Working in a startup can be harsh, fast paced and often extremely chaotic. Nothing is certain. A startup won’t provide the same comforts offered by the 9 to 5 job in a large corporation, yet more and more ‘intrapreneurs’ are choosing to escape the corporate cubicle to join the entrepreneur revolution that is occurring across the globe. So what is it that attracts us to startups?
I imagine there are quite a few that aspire to be the next Mark Zuckerberg or Steve Jobs, others that seek the freedom of being their own boss. And others who simply just land a job in a startup because they meet a founder who offered them something that looked kind of interesting.
I got into startups by accident, I was at a point in my life where my kids were quickly growing into beautiful adults and I was looking for a new challenge to throw myself at. I was asked if I’d be interested in helping out a startup, a day or so a month and that was my introduction to a whole new way of thinking and working.
I had to quickly adapt, being amongst smart entrepreneurs, pushing ideas, testing the status quo, challenging everything and anything in order to find leaner, smarter solutions meant that I too, needed to start to think the same way. In large organisations, bureaucracy and layers of governance slow thinking and the ability to act at speed. Working in a startup empowers you to make changes, to shake up the old school way of doing things in order keep up with the speed of change that is happening around you.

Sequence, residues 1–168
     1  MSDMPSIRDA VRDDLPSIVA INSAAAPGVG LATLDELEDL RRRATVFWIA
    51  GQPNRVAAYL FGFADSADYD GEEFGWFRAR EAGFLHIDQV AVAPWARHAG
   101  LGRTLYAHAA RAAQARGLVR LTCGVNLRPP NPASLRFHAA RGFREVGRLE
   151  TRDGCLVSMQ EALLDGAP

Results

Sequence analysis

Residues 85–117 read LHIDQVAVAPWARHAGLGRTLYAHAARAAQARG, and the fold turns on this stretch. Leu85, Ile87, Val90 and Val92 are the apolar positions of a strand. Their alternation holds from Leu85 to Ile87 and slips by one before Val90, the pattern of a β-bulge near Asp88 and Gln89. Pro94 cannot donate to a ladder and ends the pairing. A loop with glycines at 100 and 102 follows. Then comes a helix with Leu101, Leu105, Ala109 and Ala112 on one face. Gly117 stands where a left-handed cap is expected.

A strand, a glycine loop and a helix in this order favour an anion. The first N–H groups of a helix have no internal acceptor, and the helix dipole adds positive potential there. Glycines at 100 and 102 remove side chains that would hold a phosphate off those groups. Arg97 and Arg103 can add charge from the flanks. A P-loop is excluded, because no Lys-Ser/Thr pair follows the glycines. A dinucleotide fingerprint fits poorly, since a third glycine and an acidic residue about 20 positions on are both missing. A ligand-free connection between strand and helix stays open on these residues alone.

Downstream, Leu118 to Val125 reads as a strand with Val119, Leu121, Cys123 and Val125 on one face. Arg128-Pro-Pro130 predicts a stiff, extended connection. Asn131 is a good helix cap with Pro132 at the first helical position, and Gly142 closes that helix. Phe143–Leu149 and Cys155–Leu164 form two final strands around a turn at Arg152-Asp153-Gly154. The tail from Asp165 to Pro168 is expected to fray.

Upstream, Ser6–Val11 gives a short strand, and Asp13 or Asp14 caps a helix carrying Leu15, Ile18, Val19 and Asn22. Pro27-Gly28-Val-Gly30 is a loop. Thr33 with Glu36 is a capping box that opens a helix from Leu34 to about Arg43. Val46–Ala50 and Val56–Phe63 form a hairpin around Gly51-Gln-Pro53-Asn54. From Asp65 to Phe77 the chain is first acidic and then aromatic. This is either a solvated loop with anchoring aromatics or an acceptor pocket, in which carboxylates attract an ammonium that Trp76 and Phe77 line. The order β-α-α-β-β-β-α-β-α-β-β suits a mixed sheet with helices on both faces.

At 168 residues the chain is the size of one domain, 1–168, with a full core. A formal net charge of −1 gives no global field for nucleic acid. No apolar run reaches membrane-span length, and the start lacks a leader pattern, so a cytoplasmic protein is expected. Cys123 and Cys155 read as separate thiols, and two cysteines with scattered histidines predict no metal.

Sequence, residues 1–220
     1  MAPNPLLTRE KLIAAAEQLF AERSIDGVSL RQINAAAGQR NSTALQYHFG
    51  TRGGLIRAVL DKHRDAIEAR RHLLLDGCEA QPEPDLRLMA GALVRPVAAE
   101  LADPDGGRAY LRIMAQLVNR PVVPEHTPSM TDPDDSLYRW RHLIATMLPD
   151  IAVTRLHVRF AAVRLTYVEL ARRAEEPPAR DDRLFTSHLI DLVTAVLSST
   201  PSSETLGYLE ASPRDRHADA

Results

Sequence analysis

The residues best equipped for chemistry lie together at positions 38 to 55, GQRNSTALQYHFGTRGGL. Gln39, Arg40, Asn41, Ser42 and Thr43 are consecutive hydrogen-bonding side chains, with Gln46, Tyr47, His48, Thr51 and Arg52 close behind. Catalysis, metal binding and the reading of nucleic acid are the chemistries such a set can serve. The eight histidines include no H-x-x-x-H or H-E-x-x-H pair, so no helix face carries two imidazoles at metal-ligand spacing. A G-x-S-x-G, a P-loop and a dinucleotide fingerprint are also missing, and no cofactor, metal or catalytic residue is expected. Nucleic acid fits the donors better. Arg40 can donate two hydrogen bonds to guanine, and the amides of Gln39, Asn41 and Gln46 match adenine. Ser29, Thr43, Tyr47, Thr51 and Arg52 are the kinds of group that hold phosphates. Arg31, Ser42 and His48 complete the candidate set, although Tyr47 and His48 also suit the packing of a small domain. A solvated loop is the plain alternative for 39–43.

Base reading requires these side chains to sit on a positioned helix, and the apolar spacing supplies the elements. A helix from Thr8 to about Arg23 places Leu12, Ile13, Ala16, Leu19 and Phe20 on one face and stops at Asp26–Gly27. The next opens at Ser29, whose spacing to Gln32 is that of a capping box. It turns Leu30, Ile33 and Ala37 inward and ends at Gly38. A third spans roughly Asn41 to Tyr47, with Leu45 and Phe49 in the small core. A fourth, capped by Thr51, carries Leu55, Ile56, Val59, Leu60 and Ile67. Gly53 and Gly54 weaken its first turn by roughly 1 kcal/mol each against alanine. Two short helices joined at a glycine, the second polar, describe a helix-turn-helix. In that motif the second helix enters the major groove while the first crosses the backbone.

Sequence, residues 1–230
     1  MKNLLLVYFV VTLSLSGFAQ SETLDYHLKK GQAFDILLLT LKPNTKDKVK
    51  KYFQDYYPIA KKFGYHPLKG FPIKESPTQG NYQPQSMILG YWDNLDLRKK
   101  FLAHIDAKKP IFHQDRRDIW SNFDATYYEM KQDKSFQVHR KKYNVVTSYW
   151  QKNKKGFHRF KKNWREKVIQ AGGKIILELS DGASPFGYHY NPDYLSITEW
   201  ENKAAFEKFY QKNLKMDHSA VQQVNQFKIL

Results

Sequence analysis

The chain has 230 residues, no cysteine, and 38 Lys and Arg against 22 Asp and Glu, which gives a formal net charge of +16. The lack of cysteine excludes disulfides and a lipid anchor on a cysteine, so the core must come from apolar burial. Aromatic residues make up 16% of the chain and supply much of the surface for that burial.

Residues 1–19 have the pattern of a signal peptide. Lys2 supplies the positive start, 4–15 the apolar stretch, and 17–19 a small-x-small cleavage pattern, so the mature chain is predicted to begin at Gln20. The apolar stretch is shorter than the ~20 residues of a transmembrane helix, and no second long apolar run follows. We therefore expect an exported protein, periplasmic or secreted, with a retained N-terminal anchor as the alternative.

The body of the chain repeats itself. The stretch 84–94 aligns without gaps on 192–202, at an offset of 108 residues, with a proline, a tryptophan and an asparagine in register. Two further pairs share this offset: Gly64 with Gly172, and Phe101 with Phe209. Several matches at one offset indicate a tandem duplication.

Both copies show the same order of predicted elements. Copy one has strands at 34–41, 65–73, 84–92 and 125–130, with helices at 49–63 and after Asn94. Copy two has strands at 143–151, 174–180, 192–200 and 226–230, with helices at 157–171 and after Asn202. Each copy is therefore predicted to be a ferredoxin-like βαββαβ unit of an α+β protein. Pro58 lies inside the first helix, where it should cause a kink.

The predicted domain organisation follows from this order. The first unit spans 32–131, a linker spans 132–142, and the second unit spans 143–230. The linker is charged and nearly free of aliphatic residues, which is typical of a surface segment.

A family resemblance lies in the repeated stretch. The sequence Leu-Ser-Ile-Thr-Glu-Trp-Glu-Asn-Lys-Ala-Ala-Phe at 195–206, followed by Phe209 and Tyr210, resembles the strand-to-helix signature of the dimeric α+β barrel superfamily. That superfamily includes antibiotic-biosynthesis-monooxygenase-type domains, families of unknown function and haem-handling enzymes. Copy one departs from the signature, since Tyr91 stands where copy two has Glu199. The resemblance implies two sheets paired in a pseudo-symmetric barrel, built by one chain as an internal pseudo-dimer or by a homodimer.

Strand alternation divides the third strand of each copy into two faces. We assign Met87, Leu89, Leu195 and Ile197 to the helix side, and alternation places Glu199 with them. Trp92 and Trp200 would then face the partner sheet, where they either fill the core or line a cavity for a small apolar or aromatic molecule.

Of course there are down sides, often you work long hours, spinning many plates, seven days a week. Although it can be gruelling, the feeling of working together to make a difference and create something amazing keeps you pushing forward. Yesterday I mentioned the subject of this article to several entrepreneurs, they each smiled at me and agreed that startups are addictive. I didn’t ask them why they thought that as I think we all know our own reasons why we each get sucked into this space.
There is an extremely fine line between loving your work and being addicted to it. I wonder how many people working in startups stop and ask themselves if they have a healthy balance between startups, family, friends and themselves? I thought I was smart enough to just keep that balance and that I didn’t need to question myself. I thought I had it under control; I was wrong, I’d crossed that fine line without knowing.
Getting the balance back takes a lot of hard work. Looking back as another year draws to a close my biggest regret is not stopping regularly to check in on my balance. I’m finding that by allowing myself time for stillness my balance is slowly returning.
As you break for festive season ask yourself are you addicted to startups? Allow yourself to unplug from the internet and check in on your personal balance.
Clare Hallam is a Startup Operations Specialist.